by Jonathan Berr | March 16, 2012 10:30 am
AOL (NYSE:AOL) CEO Tim Armstrong is dragging the Internet company into the 21st century, and it isn’t pretty.
The blogosphere is buzzing with talk that the New York-based media company is ready to announce major cuts to Patch, its network of more than 800 hyper-local sites that has reportedly cost $160 million and yielded a meager $20 million profit last year.
That’s on top of AOL’s recent decision to gut its Instant Messenger Group, laying off more than 100 employees. And let’s not forget the endless cavalcade of executive departures.
As I have argued before, AOL and Yahoo! (NASDAQ:YHOO) make no sense as they are currently configured. No website launching today would attempt to offer the broad range of content that these portals do, ranging from hard-hitting news columns to videos of a baby discovering bubbles for the first time to beauty and fashion advice from model Heidi Klum.
AOL, unlike Yahoo, foolishly decided to launch Patch sites in an effort to tap into the growing local online advertising market. Patch was a bad idea for many reasons. First, it was rushed into too many markets too quickly. More importantly, though, the content was boring.
As media critic Jack Shafer wrote on Slate.com last year, “I’m convinced that Web users are more interested in hypercoverage of their interests — sports teams, hobbies, food, vacations, family, games, etc. — than they are in the starving-artists’ exhibition at the farmer’s market, increasing parking-meter rates, the city budget, local real estate prices, or many of the other topics covered on Patch. Besides being wildly expensive to create, hyperlocal news doesn’t seem to appeal to a broad audience.”
Armstrong continues to defend Patch, arguing that 2012 will be a year of “significant” growth for the local sites. The Wall Street Journal quotes him as saying that Patch has already booked in 2012 about 82% of the revenue that it generated last year. He offered few details, though, and it stands to reason that Patch’s rivals, such as newspapers, will also see their businesses improve as the economy rebounds.
Since he faces a proxy battle, Armstrong is probably considering whether to close or merge many Patch sites. Layoffs are sure to follow.
Shares of AOL have surge almost 20% this year, outperforming Yahoo, which fell 7.7% amid speculation that Armstrong would take the company private. AOL is also showing improvement. The company had its smallest revenue drop in five years in the fourth quarter and beat Wall Street’s low expectations. Overall, profit fell 66% in the quarter, and revenue growth is nowhere in sight.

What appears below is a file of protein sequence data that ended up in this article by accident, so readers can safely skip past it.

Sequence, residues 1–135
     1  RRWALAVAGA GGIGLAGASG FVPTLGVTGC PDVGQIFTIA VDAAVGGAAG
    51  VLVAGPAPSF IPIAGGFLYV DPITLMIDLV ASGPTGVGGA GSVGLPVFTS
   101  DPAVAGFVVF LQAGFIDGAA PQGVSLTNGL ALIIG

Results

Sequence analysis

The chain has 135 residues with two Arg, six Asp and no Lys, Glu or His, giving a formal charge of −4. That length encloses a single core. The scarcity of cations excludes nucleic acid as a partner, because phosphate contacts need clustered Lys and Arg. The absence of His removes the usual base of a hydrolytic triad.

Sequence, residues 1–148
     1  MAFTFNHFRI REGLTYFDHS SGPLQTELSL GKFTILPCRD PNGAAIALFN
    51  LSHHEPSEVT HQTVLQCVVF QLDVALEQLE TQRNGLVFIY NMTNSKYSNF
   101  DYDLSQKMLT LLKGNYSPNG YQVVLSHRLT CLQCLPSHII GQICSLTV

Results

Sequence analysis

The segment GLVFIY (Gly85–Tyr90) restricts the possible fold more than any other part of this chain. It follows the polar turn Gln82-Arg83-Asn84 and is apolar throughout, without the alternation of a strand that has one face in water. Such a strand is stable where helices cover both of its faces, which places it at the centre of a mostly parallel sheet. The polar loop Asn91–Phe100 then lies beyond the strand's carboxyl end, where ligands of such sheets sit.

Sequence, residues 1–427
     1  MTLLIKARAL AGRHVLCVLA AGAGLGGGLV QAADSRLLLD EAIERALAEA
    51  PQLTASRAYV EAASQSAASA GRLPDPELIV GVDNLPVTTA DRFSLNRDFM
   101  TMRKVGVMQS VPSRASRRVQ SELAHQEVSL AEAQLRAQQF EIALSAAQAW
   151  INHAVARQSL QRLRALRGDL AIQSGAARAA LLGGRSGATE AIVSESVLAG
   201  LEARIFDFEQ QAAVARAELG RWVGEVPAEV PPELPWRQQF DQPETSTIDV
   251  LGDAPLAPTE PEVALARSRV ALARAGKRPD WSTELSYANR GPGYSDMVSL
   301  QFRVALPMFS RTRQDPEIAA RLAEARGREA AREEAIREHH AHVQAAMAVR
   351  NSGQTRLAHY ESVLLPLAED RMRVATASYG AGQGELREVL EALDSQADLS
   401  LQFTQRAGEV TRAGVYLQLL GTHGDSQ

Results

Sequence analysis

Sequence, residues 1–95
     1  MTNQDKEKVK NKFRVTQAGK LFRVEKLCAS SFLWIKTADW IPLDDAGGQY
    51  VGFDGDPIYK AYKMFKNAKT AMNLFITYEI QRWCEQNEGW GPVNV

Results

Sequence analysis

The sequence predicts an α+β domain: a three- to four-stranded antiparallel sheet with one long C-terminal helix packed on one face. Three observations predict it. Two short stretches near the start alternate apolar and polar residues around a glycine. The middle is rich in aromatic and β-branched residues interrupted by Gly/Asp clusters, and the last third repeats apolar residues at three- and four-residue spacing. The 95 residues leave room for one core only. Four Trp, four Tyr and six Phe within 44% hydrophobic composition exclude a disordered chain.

Whenever companies are in trouble, they begin to look for ways to squeeze more money from their intellectual property. AOL is no exception.
Activist investor Starboard Value Fund has accused the Internet company of neglecting its “robust portfolio of extremely valuable and foundational intellectual property that has gone unrecognized and underutilized.” These 800 or so patents cover secure data transit and e-commerce turn-by-turn directions, along with search-related online advertising. Armstrong says he is addressing the situation.
Starboard, which is proposing an alternative slate of directors at the company’s annual meeting, argues that AOL’s patent portfolio could produce more than $1 billion in licensing income if it were properly monetized. That’s a big “if,” though, because patent fights are often expensive and can take years to settle, which is why companies try to avoid them whenever possible. It’s also a sign of desperation, like pawning a wedding ring.
As an example, Eastman Kodak (NYSE:EK) must complete a sale of its intellectual property under the terms of a $950 million loan that’s keeping the photography giant afloat during its bankruptcy proceedings. Yahoo, whose shares have tumbled almost 50% over the past five years, earlier this week filed a patent-infringement suit against Facebook.
The social network called the lawsuit “puzzling,” which is understandable considering that Yahoo is making its claim eight years after Facebook was founded. It seems strange that it took Yahoo that long to notice it was being ripped off.
Armstrong has complained about the “drama” that surrounds his company. Sadly, he has brought a lot of it on himself.
Jonathan Berr is a former AOL contract writer. He doesn’t own shares of any of the companies mentioned here.
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